So I suspect, like several other "industry standards", that it comes from a time when it was an issue and has been passed on since in spite of industry changes. At that time, everyone used bromine in their spas anyway, and slow feed tablets were the way to go. :rolleyes:
Adding chems into the skimmer can cause some equipment issues over time, mainly to the heater and o-rings, which is not ideal, but is more easily fixed than shell or jet issues. Equipment warranties are always much shorter than shell or plumbing warranties as well, which could be a factor in that advice.
 
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gregsfc

Bronze Supporter
May 27, 2014
204
Cookeville,TN
I went to my pool store to get them to order new ladder treads for my ladder or at least give me the name of the manufacturer so I could order them. I had bought the ladder from them. I suspected they had algae inside them, because I had seen some live algae come out when cleaning and draining the ladder. I told them that I had filled the treads with 50 ppm FC via using bleach a couple times amd let them soak but was still worried some algae could be in them.

The associate told me that bleach won't do anything to kill algae. That I should use ployquat algaecide. Now just think how ludicrous that statement is. They are saying that the best algae killer on the planet (chlorine) will do nothimg to kill algae, but that I should use an algae preventer instead. That's a typical pool store associate.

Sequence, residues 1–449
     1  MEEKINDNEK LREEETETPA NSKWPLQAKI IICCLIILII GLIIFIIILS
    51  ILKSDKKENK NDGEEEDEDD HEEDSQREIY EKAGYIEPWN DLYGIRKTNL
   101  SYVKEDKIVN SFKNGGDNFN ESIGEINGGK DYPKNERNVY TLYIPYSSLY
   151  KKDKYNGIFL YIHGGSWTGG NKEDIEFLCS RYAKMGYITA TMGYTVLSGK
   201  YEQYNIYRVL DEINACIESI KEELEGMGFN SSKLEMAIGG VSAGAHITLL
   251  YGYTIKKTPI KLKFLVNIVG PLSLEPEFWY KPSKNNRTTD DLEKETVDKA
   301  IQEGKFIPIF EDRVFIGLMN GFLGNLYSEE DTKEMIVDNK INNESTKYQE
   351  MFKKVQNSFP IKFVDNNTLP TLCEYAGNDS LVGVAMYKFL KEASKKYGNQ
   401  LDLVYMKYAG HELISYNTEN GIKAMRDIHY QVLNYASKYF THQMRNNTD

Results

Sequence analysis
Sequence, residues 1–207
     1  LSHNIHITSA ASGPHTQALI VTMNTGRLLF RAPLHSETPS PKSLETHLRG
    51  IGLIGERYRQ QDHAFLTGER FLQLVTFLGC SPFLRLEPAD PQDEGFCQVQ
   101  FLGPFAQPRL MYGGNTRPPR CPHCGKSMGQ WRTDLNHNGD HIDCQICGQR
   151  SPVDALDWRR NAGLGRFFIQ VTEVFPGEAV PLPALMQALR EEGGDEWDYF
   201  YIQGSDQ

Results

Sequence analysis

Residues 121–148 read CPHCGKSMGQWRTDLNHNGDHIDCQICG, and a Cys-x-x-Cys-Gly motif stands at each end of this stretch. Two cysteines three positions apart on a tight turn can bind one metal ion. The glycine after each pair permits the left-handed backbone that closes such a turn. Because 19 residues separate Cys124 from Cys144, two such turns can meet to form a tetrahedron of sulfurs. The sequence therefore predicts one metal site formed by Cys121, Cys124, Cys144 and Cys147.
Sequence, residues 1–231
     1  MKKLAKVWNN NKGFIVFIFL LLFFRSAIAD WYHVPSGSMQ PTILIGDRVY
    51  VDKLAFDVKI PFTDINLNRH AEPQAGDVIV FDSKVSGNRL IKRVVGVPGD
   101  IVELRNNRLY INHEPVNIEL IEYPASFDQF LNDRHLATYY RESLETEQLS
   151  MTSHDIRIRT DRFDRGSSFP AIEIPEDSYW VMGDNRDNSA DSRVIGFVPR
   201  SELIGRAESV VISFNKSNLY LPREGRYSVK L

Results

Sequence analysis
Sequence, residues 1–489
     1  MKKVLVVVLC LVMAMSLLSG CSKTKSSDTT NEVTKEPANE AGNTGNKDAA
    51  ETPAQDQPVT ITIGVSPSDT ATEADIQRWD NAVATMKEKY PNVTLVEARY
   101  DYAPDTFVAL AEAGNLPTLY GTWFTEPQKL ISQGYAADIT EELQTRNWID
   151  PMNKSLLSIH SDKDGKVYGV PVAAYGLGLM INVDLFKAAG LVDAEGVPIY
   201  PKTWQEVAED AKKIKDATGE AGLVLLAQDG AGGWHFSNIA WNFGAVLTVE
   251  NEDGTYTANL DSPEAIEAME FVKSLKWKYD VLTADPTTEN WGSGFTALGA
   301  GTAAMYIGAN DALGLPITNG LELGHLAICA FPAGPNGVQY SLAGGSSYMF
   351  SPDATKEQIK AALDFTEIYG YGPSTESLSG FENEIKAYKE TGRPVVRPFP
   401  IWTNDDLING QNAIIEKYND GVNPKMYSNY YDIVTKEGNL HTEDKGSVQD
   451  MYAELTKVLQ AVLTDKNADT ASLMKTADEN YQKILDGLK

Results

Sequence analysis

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gregsfc

Bronze Supporter
May 27, 2014
204
Cookeville,TN
Cheap ladder. Just did this a couple times. 50 ppm was an estimate. 1 hour soak and slosh around; drain and stick back in the pool. Mixed LC with water in a garden sprayer and filled them up using the tip and pumped it in small holes. It was the only way. Was a false alarm anyway. The algae ended up being above the water line on the ladder. Getting a replacement ladder or parts on any ladder is the problem this year; everyone out of stock all season; online too; same with other pool equipment. TFP teaches polyquat as a preventive only. Are you saying that is better than shock-chlorine for killing algae in some situations? If so, I missed something in TFP reading. Polyquat in the winter to help prevent when FC is dropped below recommended levels. Are you saying polyquat better as an algacide, or one of the copper formulations.
 

duraleigh

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Apr 1, 2007